chunked Transfer-Encoding	in cases where HTTP uploads  are  done
	      with data	of an unknown size.

       [2]    This  happens on Windows machines	when libcurl is	built and used
	      as a DLL.	However, you can still do this on Windows if you  link
	      with a static library.

       [3]    The  curl-config	tool  is generated at build-time (on Unix-like
	      systems) and should be installed with the	'make install' or sim-
	      ilar  instruction	 that  installs	the library, header files, man
	      pages etc.

       [4]    This behavior was	different in  versions	before	7.17.0,	 where
	      strings  had  to	remain valid past the end of the curl_easy_se-
	      topt(3) call.

SEE ALSO
       libcurl-errors(3), libcurl-multi(3), libcurl-easy(3)

libcurl	7.78.0		       November	05, 2020	   libcurl-tutorial(3)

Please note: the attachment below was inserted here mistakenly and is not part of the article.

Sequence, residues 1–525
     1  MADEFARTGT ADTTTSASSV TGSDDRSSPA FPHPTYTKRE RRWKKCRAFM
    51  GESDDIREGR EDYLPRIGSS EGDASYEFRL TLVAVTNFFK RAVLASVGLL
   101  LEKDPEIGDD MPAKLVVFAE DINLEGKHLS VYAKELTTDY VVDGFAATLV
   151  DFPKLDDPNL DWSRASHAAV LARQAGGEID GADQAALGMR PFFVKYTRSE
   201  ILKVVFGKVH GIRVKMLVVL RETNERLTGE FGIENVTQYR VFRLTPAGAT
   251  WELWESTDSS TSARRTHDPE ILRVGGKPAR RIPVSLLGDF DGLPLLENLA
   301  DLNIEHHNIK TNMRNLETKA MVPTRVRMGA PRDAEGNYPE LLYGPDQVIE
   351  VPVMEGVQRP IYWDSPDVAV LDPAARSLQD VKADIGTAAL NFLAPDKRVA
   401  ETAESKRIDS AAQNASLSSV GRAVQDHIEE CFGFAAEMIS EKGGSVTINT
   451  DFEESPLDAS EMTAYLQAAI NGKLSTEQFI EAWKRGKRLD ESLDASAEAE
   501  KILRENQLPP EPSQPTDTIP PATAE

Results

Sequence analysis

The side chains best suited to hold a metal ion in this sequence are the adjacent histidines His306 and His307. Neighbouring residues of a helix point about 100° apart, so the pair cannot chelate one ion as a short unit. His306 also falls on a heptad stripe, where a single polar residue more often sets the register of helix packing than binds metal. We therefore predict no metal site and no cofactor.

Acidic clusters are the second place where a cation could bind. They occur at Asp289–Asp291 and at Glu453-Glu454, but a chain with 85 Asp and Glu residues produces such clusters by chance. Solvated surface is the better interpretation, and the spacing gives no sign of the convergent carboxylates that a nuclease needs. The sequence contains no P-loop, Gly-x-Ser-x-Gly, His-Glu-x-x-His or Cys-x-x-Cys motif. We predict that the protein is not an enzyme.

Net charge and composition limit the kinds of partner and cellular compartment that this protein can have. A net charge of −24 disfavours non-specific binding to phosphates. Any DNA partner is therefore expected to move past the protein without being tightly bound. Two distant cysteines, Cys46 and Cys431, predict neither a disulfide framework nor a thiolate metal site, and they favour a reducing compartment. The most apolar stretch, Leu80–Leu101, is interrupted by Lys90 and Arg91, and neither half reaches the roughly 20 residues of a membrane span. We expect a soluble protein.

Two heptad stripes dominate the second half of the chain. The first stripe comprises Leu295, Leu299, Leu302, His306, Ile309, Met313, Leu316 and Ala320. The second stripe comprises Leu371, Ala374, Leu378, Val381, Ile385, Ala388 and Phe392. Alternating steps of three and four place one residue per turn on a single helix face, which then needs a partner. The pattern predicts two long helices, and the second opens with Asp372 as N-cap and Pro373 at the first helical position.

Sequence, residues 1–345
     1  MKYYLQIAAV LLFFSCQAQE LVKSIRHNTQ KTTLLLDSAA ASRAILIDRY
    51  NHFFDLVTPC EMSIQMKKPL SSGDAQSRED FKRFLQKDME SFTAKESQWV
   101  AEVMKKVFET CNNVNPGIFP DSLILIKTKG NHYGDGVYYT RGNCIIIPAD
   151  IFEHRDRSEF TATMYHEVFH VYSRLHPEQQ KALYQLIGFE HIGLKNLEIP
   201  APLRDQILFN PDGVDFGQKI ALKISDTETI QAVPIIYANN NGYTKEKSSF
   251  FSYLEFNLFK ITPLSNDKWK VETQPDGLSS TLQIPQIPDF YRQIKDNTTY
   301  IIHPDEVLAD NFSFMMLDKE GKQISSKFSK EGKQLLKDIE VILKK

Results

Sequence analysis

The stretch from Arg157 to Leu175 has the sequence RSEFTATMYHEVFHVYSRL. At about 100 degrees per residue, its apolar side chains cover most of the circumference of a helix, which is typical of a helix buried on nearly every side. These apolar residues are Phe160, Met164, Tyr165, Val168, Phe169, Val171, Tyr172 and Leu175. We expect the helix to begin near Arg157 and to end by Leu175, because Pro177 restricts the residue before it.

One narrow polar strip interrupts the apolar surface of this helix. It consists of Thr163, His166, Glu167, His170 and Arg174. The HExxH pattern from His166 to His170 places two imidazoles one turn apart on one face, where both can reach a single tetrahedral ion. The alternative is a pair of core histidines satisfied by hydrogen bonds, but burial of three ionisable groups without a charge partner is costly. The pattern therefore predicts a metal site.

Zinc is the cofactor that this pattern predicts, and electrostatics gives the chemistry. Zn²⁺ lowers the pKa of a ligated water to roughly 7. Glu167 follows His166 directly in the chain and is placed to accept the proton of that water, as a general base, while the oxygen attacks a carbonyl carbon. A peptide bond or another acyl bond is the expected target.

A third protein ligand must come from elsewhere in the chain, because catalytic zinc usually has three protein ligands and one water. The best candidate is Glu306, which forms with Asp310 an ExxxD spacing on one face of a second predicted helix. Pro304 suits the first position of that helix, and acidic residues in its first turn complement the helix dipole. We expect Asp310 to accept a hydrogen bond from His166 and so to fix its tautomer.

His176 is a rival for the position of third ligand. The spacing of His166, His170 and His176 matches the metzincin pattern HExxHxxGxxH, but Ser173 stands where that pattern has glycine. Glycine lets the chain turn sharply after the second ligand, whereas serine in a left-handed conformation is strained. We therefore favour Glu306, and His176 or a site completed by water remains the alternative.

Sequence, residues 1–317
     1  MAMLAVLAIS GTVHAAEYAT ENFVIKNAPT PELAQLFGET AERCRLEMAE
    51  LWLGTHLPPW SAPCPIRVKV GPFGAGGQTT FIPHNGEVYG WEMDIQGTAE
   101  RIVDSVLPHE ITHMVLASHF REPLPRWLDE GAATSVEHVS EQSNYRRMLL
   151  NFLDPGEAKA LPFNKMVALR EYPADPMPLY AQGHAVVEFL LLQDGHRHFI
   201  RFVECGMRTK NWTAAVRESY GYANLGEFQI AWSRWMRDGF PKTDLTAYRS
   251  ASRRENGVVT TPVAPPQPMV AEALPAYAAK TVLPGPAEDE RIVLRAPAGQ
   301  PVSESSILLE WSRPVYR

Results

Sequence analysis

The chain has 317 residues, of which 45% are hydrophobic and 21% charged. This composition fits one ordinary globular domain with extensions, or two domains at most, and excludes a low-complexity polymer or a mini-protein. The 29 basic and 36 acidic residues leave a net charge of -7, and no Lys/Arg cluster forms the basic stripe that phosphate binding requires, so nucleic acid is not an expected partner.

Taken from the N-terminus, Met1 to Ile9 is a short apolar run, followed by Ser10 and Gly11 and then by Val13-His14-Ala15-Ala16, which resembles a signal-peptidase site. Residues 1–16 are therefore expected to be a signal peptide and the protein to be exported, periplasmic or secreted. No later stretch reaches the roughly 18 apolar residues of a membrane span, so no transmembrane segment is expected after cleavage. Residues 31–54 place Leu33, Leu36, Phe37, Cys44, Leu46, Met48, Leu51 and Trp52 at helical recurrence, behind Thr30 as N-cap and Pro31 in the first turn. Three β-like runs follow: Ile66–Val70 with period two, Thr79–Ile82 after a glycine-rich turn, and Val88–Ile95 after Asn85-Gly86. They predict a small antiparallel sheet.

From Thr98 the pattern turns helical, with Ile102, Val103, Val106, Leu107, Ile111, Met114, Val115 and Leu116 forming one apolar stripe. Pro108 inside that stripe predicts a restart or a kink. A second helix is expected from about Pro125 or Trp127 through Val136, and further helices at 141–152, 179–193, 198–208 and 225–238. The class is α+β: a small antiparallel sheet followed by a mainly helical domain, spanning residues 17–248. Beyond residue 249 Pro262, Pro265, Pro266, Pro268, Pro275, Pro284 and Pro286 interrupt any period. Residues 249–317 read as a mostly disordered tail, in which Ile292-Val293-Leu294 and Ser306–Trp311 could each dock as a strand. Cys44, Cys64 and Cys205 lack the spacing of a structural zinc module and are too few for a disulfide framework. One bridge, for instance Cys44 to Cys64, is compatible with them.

NAME | Objective | Building | Portable Code in a Portable World | Global Preparation | Features libcurl Provides | Two Interfaces | Handle the Easy libcurl | Multi-threading Issues | When It Doesn't Work | Upload Data to a Remote Site | Passwords | HTTP Authentication | HTTP POSTing | Converting from deprecated form API to MIME API | Showing Progress | libcurl with C++ | Proxies | Persistence Is The Way to Happiness | HTTP Headers Used by libcurl | Customizing Operations | Cookies Without Chocolate Chips | FTP Peculiarities We Need | MIME API revisited for SMTP and IMAP | Headers Equal Fun | Post Transfer Information | The multi Interface | SSL, Certificates and Other Tricks | Sharing Data Between Easy Handles | Footnotes | SEE ALSO